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Frequency and kinetics of polyclonal and clonal B cells in the peripheral blood of patients being treated for multiple myeloma

Thomas Rasmussen, Linda Jensen, Lone Honoré and Hans Erik Johnsen

Abstract

Recent studies concerning the numbers of circulating clonal B cells in patients with multiple myeloma (MM) have reported conflicting data regarding the exact level and phenotype of clonal B cells and their response to treatment. In this report we document that the peripheral blood tumor burden at presentation was reduced by induction therapy to a low level, regardless of the initial tumor burden. However, the residual clonal compartment persisted before and after transplant. The level of clonal cells showed no correlation with CD19+cell levels. In a single patient with MM, high numbers of phenotypically aberrant clonal cells with altered CD19 expression were identified.

Introduction

Studies reporting the phenotype and frequency of clonally related B cells and their role in the pathogenesis of multiple myeloma (MM) represent an ongoing controversy in myeloma research. It has been reported that the peripheral blood (PB) of patients with MM has CD19+ cell levels significantly higher than those in healthy donors1 and that the majority of these cells were aberrant lymphocytes clonally related to bone marrow (BM)-localized myeloma plasma cells.2 In contrast, others have found that CD19+ cell levels in patients with MM were not significantly different from healthy donors, although a pronounced heterogeneity was seen in the patients with MM,3 and that only a minor fraction of the CD19+ cells were clonal.4 5 The CD19+ PB-localized clonal cells have also been reported to be insensitive to chemotherapy and thus hypothesized to be responsible for relapse.6 7 To address this controversial area of myeloma research, the level of circulating clonal cells and their responses to treatment were monitored using quantitative real time and single-cell reverse transcriptase-polymerase chain reaction (RT-PCR) assays.

Study design

A total of 9 diagnostic BM aspirates and PB samples from 27 patients with MM and 5 healthy donors were obtained at multiple time points after informed consent. PB samples obtained at diagnosis from the 27 patients were simultaneously analyzed by flow cytometry and CD19 real-time RT-PCR. Further, 5 patients were analyzed by single-cell CD19 RT-PCR.

The isolation of BM mononuclear cells (BMMNCs), PB mononuclear cells (PBMNCs), DNA, RNA, and flow-sorting of single cells was performed as recently reported.8 All patients were treated as previously described.8 PBMNCs were stained with the CD19 monoclonal antibodies (MoAbs) Leu-12 fluorescein isothiocyanate/phycoerythrin (FITC/PE) (Becton Dickinson Immunocytometry Systems [BDIS], San Jose, CA) and B4 FITC/PE (Coulter Clone, Miami, FL) as previously described.9 Generation of allele-specific oligonucleotides (ASOs) IgH PCR assays were performed as previously described.8 For real-time ASO PCR, a forward CDR3 primer was designed to span the V-D junction, and the CDR3 TaqMan probe was designed to span the D-J junction, giving maximum specificity of the assays (Table 1). Real-time ASO IgH PCR and CD19 single-cell RT-PCR assays were performed as previously described.10-12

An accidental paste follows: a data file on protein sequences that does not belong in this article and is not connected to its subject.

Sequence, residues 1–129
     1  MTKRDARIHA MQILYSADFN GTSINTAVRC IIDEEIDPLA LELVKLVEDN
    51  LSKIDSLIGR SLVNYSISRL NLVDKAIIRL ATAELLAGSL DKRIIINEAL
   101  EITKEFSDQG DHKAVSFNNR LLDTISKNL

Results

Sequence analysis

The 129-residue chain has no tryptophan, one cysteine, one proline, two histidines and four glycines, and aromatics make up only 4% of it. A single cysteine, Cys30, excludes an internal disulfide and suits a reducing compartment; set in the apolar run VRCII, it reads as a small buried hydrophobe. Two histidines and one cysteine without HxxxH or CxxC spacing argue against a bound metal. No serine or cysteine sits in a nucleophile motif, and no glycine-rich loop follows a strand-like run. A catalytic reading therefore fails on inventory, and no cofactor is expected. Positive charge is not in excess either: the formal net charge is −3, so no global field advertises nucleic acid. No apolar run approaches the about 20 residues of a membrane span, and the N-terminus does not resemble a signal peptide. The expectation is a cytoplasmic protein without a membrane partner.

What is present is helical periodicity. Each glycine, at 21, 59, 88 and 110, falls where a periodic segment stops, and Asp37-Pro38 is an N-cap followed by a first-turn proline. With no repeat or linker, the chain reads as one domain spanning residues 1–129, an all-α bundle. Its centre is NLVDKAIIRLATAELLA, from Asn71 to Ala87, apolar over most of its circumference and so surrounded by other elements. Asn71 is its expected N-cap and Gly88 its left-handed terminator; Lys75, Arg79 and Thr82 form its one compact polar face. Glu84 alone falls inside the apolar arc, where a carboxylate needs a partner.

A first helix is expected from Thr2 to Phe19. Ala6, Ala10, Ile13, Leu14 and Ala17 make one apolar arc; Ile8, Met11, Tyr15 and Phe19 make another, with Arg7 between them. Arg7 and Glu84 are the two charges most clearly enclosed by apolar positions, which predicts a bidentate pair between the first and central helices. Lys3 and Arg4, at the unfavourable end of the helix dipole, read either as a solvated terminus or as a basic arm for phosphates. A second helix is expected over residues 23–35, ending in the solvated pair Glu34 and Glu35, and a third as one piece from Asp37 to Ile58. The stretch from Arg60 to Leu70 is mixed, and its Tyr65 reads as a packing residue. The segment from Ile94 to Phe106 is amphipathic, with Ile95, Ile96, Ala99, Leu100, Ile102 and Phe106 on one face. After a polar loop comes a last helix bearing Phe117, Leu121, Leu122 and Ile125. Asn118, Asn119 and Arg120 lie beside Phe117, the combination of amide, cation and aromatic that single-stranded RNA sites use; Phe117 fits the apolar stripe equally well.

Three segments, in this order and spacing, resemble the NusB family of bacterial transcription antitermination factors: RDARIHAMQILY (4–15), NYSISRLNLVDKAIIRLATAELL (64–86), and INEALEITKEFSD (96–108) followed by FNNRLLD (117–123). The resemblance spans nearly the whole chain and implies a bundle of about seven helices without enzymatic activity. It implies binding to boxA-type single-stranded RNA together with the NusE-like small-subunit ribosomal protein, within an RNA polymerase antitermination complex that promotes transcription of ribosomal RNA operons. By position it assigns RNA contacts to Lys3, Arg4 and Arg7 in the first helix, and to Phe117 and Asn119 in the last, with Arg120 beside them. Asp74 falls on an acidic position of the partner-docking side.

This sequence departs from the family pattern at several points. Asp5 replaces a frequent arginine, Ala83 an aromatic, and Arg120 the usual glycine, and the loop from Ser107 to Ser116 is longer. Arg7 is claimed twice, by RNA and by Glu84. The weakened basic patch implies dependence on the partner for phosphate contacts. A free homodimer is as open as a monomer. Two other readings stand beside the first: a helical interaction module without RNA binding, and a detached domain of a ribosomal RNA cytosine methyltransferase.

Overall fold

Results and discussion

Kinetics of polyclonal and clonal cells during treatment

The level of clonal cells in PBMNCs was determined in a cohort of patients with MM at the time of diagnosis and during treatment by a quantitative real-time ASO IgH PCR assay10 (Figure1). At the time of diagnosis, the level of clonally related cells in PB ranged from less than 0.00002 to 2020 clonal cells per microliter blood (n = 9, mean 282, median 15). These findings are very similar to those reported by Billadeau et al13 and Kay et al.3 The proportion of clonal cells (less than 0.00001% to 30.55% of PBMNCs) was reduced to less than 0.5% of PBMNCs in all patients tested (n = 7) after induction therapy, regardless of the initial level of clonal cells (Figure 1). However, the level of clonal cells after induction therapy appeared to be stable before and after PB stem cell (PBSC) transplantation. This is in accordance with the findings of Billadeau et al.14However, the observed initial reduction and low numbers of residual PB-localized clonal cells after chemotherapy is in conflict with recent reports.6 15 The numbers of CD19+ cells differed greatly both between patients at diagnosis (4 to 1790 cells/μL blood, mean 323, n = 27) and in individual patients (0.08 to 324 cells/μL blood, Figure 1, MM-4). In general, low numbers of CD19+ cells were seen during induction and high-dose treatment, followed by a significant increase in CD19+cells after transplant (Figure 1).